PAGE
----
Published on 30th June 2017
In an increasingly unstable world, it’s important to recognise the power of individual action, Helen Clark says.
Speaking at an event at Te Papa on Thursday, June 29, Ms Clark, in conversation with VSA CEO Gill Greer, spoke about the challenges facing the world now, including climate change, famine and continued discrimination against women and girls. "In this volatile world, each of us in our own small way can make a difference for the better," she said.
More than 300 people attended the conversation, titled “Positive action in a volatile world”, and enjoyed an all-too-short hour in which the conversation covered those challenges and opportunities to overcome them.
A wider audience, including many VSA volunteers around the Pacific, were able to follow along on Twitter via the hashtag #HelenVSA and tune in via a live Facebook feed. [The video of the talk is available on VSA’s Facebook page or you can read the transcript of the interview].
Leadership, Ms Clark says, “starts with each of us,” and it’s the belief that she could make a difference that drove her through her career in politics and at the UNDP.
Throughout the talk, Ms Clark emphasised the importance of development focussed around preventative, rather than reactive measures. On climate change, for instance, she remembers travelling to Kiribati years ago and seeing “slivers of land” appear in the sea as she flew overhead.
That trip emphasised the vulnerability of small islands states to climate change but, she says, the focus must be on trying to maintain i-Kiribati ability to stay on their land, not simply find new places for them to live. “When people lose their land, it’s not just a country; it’s language and culture that is lost, too.”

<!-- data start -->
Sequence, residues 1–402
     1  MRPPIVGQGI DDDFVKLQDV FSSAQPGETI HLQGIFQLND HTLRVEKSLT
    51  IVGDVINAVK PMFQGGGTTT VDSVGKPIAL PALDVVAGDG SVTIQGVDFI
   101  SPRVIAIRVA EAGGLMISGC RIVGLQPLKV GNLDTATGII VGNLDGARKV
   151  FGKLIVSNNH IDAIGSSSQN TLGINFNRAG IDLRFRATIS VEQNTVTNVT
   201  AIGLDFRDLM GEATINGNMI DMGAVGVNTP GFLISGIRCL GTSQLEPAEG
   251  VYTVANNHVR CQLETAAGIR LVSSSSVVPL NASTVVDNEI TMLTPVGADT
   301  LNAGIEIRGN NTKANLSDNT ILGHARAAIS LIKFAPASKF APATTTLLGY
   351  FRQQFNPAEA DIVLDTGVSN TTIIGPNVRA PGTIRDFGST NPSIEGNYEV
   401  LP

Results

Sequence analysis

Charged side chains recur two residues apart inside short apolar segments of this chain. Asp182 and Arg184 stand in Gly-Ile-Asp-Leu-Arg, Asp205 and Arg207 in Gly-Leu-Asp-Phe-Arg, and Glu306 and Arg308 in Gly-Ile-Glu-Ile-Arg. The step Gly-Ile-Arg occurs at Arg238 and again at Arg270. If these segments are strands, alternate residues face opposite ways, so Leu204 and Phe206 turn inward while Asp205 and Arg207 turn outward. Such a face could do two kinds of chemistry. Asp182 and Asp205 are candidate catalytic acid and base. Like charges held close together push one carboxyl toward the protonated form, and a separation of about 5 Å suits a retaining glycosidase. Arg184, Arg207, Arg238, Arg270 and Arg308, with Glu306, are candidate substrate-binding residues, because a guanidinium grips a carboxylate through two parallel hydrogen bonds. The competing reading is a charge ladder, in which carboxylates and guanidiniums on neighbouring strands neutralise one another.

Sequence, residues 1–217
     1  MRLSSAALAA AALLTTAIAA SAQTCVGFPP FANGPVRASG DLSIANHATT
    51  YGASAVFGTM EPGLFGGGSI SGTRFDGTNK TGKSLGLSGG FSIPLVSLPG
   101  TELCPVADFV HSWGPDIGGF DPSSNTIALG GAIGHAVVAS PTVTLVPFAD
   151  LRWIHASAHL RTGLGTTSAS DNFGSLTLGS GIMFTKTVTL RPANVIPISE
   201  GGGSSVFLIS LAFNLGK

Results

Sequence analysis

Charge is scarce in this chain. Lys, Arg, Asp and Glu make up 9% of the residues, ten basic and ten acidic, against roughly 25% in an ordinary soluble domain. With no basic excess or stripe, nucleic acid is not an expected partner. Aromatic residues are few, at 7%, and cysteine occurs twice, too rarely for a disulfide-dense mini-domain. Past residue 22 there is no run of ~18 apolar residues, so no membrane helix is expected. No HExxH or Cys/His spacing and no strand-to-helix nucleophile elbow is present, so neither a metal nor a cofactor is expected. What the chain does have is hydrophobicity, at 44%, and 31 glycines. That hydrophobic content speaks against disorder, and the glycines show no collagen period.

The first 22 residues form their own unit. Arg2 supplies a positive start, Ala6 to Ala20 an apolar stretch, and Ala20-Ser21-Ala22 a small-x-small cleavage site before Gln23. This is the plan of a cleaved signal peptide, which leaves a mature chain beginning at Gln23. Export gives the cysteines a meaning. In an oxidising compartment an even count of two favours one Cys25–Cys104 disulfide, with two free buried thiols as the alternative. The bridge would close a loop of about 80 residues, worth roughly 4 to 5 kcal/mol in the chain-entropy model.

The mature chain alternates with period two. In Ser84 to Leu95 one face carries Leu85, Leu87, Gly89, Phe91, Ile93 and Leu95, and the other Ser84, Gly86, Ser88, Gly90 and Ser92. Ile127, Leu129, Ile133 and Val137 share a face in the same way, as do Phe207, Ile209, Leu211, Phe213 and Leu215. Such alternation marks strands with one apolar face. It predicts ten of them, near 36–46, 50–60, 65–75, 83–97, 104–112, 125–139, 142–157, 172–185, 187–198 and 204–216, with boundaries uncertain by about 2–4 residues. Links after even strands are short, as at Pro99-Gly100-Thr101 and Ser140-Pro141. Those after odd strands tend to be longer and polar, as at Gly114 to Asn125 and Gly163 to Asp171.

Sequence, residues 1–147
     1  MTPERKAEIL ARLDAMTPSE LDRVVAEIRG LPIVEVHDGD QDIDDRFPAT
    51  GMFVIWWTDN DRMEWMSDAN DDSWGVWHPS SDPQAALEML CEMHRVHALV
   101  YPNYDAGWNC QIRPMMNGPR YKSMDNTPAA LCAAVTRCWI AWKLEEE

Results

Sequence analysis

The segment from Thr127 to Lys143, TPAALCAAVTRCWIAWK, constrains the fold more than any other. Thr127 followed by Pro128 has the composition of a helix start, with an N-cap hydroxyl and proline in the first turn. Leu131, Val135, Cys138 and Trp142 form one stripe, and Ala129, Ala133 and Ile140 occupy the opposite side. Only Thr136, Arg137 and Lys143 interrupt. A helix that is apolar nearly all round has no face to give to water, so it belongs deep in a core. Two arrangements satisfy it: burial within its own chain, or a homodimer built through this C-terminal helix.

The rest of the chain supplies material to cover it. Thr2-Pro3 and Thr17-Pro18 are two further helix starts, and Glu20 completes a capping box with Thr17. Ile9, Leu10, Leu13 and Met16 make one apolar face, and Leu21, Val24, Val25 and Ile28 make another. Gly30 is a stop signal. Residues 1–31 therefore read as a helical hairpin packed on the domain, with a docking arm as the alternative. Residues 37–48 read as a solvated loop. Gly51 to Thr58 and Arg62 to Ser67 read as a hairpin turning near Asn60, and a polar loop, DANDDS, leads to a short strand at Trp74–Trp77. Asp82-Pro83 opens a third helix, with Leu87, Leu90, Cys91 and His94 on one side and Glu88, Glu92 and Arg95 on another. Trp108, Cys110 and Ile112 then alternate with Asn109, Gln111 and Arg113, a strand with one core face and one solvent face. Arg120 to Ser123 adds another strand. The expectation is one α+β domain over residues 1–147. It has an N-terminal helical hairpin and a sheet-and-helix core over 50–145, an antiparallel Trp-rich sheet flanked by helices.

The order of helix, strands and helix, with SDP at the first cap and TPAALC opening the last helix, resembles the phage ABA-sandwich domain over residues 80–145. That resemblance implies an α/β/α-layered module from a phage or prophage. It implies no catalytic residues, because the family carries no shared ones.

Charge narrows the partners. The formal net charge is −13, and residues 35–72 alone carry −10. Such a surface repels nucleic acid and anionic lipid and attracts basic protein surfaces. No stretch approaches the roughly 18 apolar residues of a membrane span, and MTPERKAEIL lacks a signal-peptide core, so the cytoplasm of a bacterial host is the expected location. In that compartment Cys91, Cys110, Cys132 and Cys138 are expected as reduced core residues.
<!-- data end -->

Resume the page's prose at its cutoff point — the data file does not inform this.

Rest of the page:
Likewise, when looking at the refugee crisis, Ms Clark noted that many displaced people are displaced within their own countries, so work needs to be done with those countries in order to stabilise – not simply to raise the refugee quota.
But, looking at development overall, Ms Clark returned, probably unsurprisingly, to the need to empower women and girls in order to achieve good development outcomes. “How,” she asked, “are you going to end poverty if women aren’t part of the story?”
Noting that 155 countries still have laws that discriminate against women, she said gender equality was the most important of the 17 Sustainable Development Goals.
While noting recent advances – for instance, Kenya’s recent decision to provide free sanitary protection to all school girls, in order to help them stay in school – she noted that there were significant steps back, too, such as one of Kenya’s neighbours not only expelling girls who get pregnant, but not allowing them to return to school once they give birth.
The answer? “Don’t get mad, get organised!” Ms Clark recognised the many thousands, if not millions, of people around the world who are working to overcome obstacles, and gave special mention to volunteers: "People giving freely of their time is indispensable. It's the glue that hold us together."
The event closed with a heartfelt rendition of the waita Te Aroha, where more than a few tears were shed. You can see some of the feedback and Twitter conversation from the day captured in tweets below.
If you missed the event, you can: